Vandalia coaching legend dead at 82

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By Jonathan Stark

Since football was reinstated at Vandalia High School in 1950, the Vandals have had 12 winning seasons. Of those 12, one season jumps out more than the others – the 1963 season, in which the Vandals went 9-0.

On June 17, Don Schnake, 82, the architect of the Vandalia's lone perfect season, died following a short battle with lung cancer.

Schnake spent eight years on the sidelines as head coach of the VCHS football team, compiling a record of 29-34. He had two winning seasons during his tenure, the perfect season of 1963 and an 8-1 mark in 1964.

Schnake and the 1963 season put Vandalia football on the map. The Vandals had their first football title,  and their first winning season in 10 years, only its third since reinstatement. Although Vandalia would not have another winning season until 11 years after Schnake left, his team gave Vandalia its first taste of excellence on the football field.

He mentored such players as Mike Steinhauer, Keith Wright, Ted Smith, Dennis Whitten, Larry Pruitt and Lonnie Culbertson during the 1963 run.

Years after the perfect season Schnake recalled it as "more satisfying" than other teams he had coached.

On Nov. 8, 1963, Vandalia faced Pana in the final game of the year. The Vandals defeated the Panthers on the road and a 30-mile motorcade ushered the team back to Vandalia. When they arrived, the entire town was waiting for them.

"It was 'Hoosiers' before the movie 'Hoosiers'," Schnake once said in an interview. "The 1963 season at Vandalia was more satisfying than 1972 at Elk Grove, because we beat teams that had beaten us for years."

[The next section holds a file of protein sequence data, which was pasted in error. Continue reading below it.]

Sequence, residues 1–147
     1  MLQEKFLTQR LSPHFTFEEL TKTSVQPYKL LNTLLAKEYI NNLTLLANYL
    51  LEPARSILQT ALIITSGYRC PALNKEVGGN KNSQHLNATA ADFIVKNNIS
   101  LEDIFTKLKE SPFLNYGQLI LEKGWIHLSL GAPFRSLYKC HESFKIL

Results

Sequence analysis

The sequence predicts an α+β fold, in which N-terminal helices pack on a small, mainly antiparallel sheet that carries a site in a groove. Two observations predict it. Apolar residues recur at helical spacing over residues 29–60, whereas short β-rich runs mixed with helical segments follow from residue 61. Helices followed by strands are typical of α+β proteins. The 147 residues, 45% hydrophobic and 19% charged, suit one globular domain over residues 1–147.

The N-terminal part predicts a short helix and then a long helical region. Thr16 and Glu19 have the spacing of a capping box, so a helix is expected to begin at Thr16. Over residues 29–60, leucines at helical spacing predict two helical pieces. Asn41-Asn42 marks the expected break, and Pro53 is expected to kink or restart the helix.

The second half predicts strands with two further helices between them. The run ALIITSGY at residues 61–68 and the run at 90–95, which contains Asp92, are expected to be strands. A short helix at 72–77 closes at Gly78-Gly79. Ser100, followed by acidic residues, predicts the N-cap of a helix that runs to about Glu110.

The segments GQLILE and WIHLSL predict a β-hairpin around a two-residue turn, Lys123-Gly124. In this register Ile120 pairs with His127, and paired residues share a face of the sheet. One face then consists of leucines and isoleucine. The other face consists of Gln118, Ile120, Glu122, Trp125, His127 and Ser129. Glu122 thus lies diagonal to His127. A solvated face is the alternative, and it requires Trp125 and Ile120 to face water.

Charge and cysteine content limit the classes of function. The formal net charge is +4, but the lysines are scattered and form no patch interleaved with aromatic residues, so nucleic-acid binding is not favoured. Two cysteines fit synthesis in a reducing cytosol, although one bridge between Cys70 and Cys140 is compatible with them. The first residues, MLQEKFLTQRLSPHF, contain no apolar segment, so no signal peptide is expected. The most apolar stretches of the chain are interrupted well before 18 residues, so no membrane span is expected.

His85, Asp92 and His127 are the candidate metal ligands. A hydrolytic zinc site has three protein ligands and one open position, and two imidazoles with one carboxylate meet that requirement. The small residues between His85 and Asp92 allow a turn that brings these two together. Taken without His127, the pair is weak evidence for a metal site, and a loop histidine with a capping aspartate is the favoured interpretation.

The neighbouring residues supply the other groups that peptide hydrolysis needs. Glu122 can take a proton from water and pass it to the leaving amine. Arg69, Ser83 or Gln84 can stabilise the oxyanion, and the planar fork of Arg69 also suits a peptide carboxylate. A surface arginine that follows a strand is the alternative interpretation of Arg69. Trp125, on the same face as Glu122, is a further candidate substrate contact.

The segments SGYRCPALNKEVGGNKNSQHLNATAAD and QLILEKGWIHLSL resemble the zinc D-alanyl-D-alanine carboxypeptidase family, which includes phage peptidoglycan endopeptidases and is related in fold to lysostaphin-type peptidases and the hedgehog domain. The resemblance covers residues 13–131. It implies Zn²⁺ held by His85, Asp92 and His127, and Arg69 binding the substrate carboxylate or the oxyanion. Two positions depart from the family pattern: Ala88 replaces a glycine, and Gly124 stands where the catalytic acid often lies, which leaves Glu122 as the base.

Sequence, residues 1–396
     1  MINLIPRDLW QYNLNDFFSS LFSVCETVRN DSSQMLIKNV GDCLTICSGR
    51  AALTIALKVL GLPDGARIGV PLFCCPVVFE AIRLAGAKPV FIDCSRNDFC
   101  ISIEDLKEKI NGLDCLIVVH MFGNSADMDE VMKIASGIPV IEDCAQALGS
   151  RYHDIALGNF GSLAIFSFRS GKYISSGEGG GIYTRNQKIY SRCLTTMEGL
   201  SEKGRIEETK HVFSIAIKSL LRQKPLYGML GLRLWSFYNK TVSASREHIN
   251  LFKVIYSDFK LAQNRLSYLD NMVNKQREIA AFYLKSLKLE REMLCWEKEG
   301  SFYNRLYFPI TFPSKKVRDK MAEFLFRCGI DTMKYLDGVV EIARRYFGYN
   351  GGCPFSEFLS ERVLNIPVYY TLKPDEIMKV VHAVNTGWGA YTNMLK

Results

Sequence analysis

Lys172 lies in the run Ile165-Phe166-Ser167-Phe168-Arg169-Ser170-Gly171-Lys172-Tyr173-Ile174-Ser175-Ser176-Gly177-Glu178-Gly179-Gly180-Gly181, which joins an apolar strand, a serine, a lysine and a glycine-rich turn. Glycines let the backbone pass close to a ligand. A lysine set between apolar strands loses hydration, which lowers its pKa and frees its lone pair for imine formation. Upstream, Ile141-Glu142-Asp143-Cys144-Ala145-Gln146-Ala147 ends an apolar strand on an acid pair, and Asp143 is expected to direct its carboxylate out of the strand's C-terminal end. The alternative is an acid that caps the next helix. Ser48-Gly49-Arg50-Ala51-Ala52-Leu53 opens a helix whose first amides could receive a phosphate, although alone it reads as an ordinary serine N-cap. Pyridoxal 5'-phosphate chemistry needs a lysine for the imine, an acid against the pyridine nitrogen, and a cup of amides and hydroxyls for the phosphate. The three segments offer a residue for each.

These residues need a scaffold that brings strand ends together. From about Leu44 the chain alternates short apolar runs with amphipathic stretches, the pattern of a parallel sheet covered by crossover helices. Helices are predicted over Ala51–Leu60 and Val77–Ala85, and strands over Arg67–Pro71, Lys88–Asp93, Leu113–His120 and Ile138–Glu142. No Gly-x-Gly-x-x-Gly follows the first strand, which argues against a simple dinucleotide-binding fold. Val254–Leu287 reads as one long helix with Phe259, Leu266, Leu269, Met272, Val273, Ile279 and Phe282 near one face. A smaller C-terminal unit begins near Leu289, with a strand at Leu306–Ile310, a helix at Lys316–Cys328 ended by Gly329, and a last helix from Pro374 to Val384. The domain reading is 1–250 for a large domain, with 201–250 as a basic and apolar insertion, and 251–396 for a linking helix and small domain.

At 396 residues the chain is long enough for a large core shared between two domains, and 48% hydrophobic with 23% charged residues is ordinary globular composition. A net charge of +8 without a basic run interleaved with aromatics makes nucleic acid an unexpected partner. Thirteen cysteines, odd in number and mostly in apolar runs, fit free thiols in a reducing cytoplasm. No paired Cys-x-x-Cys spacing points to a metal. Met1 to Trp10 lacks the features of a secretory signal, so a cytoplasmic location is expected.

Schnake left Vandalia following the 1964 season, but wasn't off the sports pages for very long. In 1968, he took over Elk Grove High School's football program. In his fifth season, he led the Grenadiers to an undefeated mark in 1972, going 9-0 and winning the state championship.

He spent 19 seasons at Elk Grove before retiring in 1987. He won 100 games, had two undefeated seasons and  won eight conference championships.

Schnake was a native of south central Illinois, growing up and going to high school in Centralia. He played on Centralia High School's basketball and football teams. In 1946 he was on the state runner-up basketball squad.

After high school he enlisted in the Marines and served in Guam. After being discharged, he attended Bradley University and played basketball for the Braves during their Final 4 run in 1950.

Following his retirement, Schnake wrote and published three books; "Coaching 101: Guiding the High School Athlete and Building Team Success," "Building an Aggressive Efficient and Explosive High School Offense" and "Trout: The Old Man and the Orphans," a book about his high school coach, Arthur Trout.

Despite all of his success as a basketball player and football coach, Schnake never let it go to his head. Former players and coaches described him as "cool-headed" and a "straight shooter." The laid-back coach taught his players the same aspects that made him a great coach and earned him a place in Vandalia and Illinois history.

He is survived by his wife, Marilyn; two sons, Lewis and Logan; two daughters, Lyn Kellermeyer and Leigh Ann; and eight grandchildren.